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Carolinians can be proud to have such a serious institution of music as the University of North Carolina Greensboro School of Music. One of the jewels of the School of Music must certainly be the annual New Music Festival. The 2009 incarnation, its sixth, included lectures by two of the featured composers – Elainie Lilios, winner of the Bourges prize for electroacoustic music this past summer, and Thomas Licata – as well as a masterclass, a young artist concert, nightly concerts for the three days of the festival, and a round table discussion with participating composers prior to the closing concert. In addition to Lilios and Licata, those composers included Mark Engebretson and Alejandro Rutty of UNCG, Todd Coleman of Elon, Allen Anderson of UNC Chapel Hill, Lance Hulme, who is a recent arrival in Greensboro, as well as Marcus Maroney, Jakov Jakoulov, Paul Moravec, Suzanne Farrin, Thomas Dempster, and the duo of Craig Hilton and Tomas Philips.
Your critic took in the round-table discussion among Anderson, Hulme, Coleman, Lilios, Hilton and Philips, with Rutty moderating, an hour which ranged over a variety of topics, including the difficulty of building audiences for contemporary music when classical music broadcasters limit their playlists to Vivaldi and Mozart, the effect of attempts to make music more palatable to larger audiences, the interpenetration of compositional thinking between electroacoustic and acoustic musics, and the low cultural level of the American (as opposed to Canadian or European) middle class.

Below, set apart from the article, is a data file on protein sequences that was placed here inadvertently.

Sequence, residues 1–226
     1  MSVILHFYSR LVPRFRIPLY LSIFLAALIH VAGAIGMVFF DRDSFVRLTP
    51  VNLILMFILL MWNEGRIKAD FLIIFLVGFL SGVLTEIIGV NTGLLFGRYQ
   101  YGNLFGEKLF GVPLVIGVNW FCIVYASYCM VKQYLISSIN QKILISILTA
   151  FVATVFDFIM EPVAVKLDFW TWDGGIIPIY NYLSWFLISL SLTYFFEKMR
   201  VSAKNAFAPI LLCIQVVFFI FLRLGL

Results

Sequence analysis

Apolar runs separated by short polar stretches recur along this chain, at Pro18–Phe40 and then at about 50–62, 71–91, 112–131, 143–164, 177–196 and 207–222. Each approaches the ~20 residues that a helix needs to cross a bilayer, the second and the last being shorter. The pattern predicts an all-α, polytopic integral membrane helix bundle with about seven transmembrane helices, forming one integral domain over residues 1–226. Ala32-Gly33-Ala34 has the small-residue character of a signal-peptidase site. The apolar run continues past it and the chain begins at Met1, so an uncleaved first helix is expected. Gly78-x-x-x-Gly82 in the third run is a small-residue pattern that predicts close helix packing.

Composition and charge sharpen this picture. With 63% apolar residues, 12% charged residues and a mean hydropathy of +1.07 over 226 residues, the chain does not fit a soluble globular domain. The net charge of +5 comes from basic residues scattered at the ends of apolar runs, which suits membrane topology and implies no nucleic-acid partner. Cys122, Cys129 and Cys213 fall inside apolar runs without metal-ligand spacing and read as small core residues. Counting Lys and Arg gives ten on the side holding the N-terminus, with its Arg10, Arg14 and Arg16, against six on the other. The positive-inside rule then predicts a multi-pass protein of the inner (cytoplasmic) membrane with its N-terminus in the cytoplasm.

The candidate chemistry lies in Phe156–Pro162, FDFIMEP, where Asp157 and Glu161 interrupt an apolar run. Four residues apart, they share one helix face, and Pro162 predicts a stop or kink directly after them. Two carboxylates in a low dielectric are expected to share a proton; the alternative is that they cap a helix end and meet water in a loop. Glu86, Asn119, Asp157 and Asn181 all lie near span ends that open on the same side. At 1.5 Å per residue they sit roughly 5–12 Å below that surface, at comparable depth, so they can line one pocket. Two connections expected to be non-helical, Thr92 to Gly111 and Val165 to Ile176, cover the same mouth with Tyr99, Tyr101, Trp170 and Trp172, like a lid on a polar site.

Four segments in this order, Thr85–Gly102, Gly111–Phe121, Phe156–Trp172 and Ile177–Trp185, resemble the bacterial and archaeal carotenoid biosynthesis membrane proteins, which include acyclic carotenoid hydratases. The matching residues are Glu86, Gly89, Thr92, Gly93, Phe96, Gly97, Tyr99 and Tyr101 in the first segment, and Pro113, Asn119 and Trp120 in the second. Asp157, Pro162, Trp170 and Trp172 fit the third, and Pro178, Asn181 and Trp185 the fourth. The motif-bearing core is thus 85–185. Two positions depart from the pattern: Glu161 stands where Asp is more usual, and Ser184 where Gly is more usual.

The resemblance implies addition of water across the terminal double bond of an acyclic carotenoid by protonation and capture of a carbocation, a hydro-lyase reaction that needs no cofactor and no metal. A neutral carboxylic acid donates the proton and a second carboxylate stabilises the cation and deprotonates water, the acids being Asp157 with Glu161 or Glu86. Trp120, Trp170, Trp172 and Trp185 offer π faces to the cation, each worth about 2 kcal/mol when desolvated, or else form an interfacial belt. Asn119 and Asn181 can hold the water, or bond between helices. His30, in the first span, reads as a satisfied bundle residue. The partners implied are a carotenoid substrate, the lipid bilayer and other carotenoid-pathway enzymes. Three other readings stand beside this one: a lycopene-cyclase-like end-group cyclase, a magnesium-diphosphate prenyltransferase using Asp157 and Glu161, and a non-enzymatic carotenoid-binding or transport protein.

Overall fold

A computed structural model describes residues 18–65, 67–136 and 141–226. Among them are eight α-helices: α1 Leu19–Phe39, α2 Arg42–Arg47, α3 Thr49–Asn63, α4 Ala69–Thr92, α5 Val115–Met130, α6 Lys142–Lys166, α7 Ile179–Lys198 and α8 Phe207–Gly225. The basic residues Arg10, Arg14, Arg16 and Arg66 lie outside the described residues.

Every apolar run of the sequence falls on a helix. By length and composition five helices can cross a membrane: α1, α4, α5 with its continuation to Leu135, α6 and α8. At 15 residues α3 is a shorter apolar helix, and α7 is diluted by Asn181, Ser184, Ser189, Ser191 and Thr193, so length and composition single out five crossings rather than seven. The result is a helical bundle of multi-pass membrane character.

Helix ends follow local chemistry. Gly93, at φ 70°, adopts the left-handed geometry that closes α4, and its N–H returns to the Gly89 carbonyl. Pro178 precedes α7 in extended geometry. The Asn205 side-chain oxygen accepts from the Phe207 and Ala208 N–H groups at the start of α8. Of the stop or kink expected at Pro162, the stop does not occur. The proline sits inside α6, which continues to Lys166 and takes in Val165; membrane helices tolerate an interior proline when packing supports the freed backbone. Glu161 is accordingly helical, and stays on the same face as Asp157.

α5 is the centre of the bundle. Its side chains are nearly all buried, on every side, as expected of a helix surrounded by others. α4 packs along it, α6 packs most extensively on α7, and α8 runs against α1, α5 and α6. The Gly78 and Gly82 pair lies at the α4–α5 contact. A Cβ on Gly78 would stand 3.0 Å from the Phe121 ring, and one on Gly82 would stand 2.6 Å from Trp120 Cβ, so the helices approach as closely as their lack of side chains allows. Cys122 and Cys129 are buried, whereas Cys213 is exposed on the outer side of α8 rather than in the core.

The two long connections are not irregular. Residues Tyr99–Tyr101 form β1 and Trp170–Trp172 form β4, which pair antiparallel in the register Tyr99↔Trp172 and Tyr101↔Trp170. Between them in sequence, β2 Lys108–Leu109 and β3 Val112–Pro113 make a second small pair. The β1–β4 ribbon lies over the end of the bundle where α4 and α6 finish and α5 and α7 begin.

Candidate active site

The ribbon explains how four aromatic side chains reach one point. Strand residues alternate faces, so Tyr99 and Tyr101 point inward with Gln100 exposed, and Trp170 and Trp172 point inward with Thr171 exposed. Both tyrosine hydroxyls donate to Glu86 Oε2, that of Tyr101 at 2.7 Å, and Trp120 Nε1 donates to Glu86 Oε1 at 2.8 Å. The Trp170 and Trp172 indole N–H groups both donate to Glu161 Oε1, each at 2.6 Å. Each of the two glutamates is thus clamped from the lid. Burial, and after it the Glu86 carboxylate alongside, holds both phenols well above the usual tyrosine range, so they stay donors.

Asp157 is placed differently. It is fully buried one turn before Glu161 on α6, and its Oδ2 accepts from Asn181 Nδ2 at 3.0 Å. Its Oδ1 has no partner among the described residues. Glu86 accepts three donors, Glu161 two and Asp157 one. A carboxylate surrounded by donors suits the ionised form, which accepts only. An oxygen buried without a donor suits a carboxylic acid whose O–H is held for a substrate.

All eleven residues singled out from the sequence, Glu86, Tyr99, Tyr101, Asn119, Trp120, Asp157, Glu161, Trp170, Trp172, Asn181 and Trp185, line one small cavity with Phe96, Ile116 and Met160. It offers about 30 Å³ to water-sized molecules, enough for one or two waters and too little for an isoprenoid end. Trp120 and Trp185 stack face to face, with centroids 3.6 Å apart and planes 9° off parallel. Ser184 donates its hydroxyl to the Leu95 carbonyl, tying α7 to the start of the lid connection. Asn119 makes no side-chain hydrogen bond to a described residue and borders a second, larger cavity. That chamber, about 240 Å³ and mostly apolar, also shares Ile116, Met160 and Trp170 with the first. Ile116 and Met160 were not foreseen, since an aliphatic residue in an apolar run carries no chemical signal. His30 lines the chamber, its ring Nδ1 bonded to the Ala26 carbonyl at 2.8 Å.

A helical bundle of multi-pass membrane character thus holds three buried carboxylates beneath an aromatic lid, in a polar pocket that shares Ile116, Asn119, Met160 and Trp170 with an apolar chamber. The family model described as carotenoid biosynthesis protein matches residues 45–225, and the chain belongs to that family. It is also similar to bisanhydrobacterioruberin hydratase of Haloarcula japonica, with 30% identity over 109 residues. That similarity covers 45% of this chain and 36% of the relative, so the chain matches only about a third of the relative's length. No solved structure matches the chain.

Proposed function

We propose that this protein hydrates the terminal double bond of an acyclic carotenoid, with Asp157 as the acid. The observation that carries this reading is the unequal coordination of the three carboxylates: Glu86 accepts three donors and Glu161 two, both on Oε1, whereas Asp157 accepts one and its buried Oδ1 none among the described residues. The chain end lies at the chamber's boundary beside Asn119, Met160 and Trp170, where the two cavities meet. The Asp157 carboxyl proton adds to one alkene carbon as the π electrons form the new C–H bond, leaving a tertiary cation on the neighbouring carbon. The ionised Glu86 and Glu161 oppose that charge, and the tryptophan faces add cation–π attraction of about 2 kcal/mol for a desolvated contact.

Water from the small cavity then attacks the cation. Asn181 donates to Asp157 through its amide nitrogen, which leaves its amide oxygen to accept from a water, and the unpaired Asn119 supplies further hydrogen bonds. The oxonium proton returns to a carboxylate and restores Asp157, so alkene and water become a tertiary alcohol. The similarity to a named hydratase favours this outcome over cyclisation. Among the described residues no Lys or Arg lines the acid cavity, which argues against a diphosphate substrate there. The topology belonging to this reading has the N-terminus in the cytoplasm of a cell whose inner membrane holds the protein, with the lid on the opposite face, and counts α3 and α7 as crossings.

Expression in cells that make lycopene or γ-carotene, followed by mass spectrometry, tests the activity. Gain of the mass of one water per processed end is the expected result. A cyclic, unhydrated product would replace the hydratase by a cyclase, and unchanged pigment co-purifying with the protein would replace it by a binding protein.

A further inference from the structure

The closing concert which followed was engaging, neither too long nor too short, not too loud (though I did see listeners with fingers in their ears at times), presented in the wonderful acoustic space of the Weatherspoon Museum atrium, and far from inaccessible. It began with Lance Hulme's brief "electronic tone poem" depicting "The Succubus" – a demon in female form which tempts men in the nighttime hours. The work combined tuned sounds recalling mallet instruments with more purely electronic sounds in repetitive patterns which evoked the obsessive thoughts which might possess one in the wee hours of the morning, an effect enhanced by rotational spatial effects.
Rutty's "City of Webs," which followed, required a certain amount of explanation before it began. It is based on a rather odd/avant-garde/advanced (pick your adjective) poem by Michael Basinski, full of play with graphics and projected for us to follow as we heard the recorded voice of the poet read/explain the text. It is around this reading/explanation (which, truth be told, leads one to wonder about the sanity of the poet) that Rutty bases the work, in a sort of "orchestration" of the reading, which is accompanied by a pre-recorded track, voice, keyboard, saxophone and viola (the latter performed by Lorena Guillén, the composer, Mark Engebretson, and Scott Rawls, respectively). The resulting "monodrama" or "melodrama" (in the sense of accompanied recitation) was fascinating, drawing perhaps more on popular than classical idioms to support and punctuate the stream of consciousness. Though it was a long piece, attention never flagged, and the audience rewarded the composer and performers with warm and extended applause.
"Acorn in the Sun" by Engebretson was a piece for solo voice (Lorena Guillén) and a pre-recorded track, setting a poem by Dana Richardson. Guillén, who is from Argentina, produces a notably Latin sound, rich and full of expression, a sound quite different from what an American classical soprano usually produces, particularly in the lower register. The interplay between the soloist and accompaniment was fascinating. I look forward to hearing this singer again.
The concert closed with another extended work, a collaboration between Craig Hilton and Tomas Philips for laptops and guzheng, the Chinese relative of the Japanese koto, usually plucked. Here it was bowed, often with two bows at once bowing different strings, and the sound processed. Hilton played the guzheng while Philips evoked clouds of electroacoustic sound from his Macintosh. The result showed how close traditional instruments could come to achieving the timbral/pitch/volume effects we often associate with computer music.
This was a rewarding evening, full of interest and variety, sharing new sounds that I certainly had not experienced before.